IFAAS is a statewide research II institute that provides services and training to the medico-legal community throughout Florida. We also provide services
and accept cases from out of State. The central Florida region comprise the primary partners in the majority of IFAAS programming, including: Medical
Examiner Districts 5, 6, 10 & 13; Sheriff Offices in Pasco, Hernando, Hillsborough, Pinellas, Sumter, & Marion counties; as well as the Tampa &
Temple Terrace Police Departments.
For Forensic Anthropology Laboratory
The Forensic Anthropology Laboratory at USF provides a range of services, research, training and professional development in human identification, living
person age estimation, trauma analysis and expert testimony.
Crime Scene & Field Team
Staff provide a range of services for crime scene and fieldwork including clandestine grave search and recovery and grave excavation.
Geochemistry & Forensic Isotope Laboratories
A number of research tools and laboratories at USF are utilized for the chemical analysis of organic remains that may provide scientific information on
what water, foods, or elements were consumed and in what quantities, since isotopic and elemental values in plants and animals are passed on to their
consumers. These methods reconstruct diet and complement strontium and lead isotope analyses in addressing human mobility, geographical areas of origin,
and human identification.
Digital radiographic imaging is conducted in the Forensic Anthropology Laboratory for skeletal pathology, dental analysis, and trauma analysis.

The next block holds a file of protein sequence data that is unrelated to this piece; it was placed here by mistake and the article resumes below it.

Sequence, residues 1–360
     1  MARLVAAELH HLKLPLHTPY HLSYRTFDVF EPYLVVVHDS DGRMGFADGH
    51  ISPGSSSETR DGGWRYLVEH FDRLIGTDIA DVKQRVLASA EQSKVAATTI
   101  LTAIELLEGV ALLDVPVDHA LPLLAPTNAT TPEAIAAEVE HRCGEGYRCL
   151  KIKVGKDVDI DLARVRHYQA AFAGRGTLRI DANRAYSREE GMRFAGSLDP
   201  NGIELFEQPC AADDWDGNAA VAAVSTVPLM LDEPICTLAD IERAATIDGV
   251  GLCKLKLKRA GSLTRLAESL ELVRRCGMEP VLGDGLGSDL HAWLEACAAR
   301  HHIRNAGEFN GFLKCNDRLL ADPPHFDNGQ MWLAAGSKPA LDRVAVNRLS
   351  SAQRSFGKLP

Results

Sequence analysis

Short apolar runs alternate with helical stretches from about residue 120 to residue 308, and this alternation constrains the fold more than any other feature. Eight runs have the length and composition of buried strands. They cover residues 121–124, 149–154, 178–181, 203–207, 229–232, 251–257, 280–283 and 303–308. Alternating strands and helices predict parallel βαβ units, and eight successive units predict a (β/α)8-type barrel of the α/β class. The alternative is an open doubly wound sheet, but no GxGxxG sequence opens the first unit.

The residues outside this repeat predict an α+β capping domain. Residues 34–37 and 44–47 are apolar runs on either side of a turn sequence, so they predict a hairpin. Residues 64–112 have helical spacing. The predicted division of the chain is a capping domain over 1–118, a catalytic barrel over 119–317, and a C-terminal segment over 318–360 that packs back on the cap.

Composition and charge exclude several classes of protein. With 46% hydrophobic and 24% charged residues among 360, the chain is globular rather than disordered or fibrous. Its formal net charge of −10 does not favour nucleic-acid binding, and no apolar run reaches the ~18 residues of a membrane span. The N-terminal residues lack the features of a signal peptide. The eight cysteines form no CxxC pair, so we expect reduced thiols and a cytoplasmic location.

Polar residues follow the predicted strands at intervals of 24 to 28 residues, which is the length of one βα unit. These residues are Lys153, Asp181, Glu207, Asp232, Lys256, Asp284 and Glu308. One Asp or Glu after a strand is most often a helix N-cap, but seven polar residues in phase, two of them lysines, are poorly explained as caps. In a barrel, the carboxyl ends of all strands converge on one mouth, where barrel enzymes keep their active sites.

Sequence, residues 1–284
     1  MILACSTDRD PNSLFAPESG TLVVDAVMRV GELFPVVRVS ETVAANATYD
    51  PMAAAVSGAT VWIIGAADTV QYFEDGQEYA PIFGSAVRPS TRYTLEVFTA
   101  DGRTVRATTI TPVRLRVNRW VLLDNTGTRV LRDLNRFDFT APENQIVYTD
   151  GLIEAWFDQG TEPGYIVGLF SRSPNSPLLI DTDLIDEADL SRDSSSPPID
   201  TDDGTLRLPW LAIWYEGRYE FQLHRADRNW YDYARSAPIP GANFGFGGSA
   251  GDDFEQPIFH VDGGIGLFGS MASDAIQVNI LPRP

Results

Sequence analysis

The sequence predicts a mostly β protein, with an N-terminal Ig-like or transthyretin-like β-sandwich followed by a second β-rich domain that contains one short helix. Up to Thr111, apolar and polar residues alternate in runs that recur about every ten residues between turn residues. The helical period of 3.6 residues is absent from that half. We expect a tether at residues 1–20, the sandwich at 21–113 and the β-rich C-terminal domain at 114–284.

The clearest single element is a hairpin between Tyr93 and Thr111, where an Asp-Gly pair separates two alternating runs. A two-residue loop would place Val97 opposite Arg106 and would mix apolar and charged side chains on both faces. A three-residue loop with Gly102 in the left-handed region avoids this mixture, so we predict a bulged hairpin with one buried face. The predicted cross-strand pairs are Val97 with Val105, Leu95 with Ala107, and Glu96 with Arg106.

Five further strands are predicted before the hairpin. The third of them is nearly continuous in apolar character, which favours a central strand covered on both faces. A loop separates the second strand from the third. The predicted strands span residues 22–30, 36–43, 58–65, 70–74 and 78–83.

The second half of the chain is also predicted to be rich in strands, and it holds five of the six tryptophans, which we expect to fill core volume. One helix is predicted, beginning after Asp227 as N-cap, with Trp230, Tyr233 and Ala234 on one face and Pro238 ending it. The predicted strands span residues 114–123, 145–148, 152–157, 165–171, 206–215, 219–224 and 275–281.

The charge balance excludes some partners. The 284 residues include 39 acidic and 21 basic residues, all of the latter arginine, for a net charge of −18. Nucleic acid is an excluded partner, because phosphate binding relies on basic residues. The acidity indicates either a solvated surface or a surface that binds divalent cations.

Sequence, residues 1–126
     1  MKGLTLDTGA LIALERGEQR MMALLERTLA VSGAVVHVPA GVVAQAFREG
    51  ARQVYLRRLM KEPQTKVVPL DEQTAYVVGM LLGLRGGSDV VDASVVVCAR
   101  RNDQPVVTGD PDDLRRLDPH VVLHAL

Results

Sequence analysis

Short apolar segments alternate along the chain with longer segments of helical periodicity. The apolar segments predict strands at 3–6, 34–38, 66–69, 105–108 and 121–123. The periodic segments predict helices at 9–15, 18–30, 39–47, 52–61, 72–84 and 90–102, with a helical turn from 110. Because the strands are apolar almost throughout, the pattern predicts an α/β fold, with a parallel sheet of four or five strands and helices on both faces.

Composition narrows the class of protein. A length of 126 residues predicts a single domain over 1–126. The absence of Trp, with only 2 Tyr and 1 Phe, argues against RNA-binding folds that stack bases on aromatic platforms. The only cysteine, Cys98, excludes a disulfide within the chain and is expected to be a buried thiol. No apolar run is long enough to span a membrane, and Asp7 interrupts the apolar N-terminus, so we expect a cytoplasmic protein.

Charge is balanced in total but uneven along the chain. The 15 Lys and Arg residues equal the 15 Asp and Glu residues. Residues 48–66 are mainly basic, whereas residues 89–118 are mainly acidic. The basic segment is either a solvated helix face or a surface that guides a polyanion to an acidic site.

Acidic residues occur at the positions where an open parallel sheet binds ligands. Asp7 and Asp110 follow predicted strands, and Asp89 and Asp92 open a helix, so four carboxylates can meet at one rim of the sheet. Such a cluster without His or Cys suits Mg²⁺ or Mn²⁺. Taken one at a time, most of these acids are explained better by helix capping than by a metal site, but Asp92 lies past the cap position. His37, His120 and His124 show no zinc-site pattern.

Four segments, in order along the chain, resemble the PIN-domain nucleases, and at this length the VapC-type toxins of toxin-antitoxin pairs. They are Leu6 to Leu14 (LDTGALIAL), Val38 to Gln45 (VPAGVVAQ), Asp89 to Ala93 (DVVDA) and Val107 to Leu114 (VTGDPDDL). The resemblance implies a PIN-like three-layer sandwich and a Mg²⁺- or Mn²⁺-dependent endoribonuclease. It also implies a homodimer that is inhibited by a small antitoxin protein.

3D laser scanning is used to create 3D models of traumatic bone injuries. Scanning and modeling are used to create facial reconstructions and to digitally
enhance post-mortem images for public viewing in cases of John and Jane Does. 3D models can be printed for consultation or jury presentation.
Forensic imaging consists of facial approximations, composites of unknown persons, clothing reconstructions, manipulation of decedent photos for public
viewing, 3D visualization of skeletal trauma and injuries, and site mapping.
The development of a facial approximation of what the decedent may have looked like prior to death, is completed by using a 3D laser scan of the skull to create a 2D computer generated composite. These images may be based on postmortem or autopsy photographs or reconstructed from skeletal remains. Information generated for the biological profile is used in combination with the unique boney architecture of the skull. Photographic reconstructions of clothing, jewelry, artifacts, or teeth are also possible. These images are given to law enforcement. The images are shown to the public in hopes someone will recognize the victim and call authorities. Approximations or reconstructions are never used to make a positive identification, but rather are used to trigger the memory of someone who knew the victim, thereby creating a presumptive identification.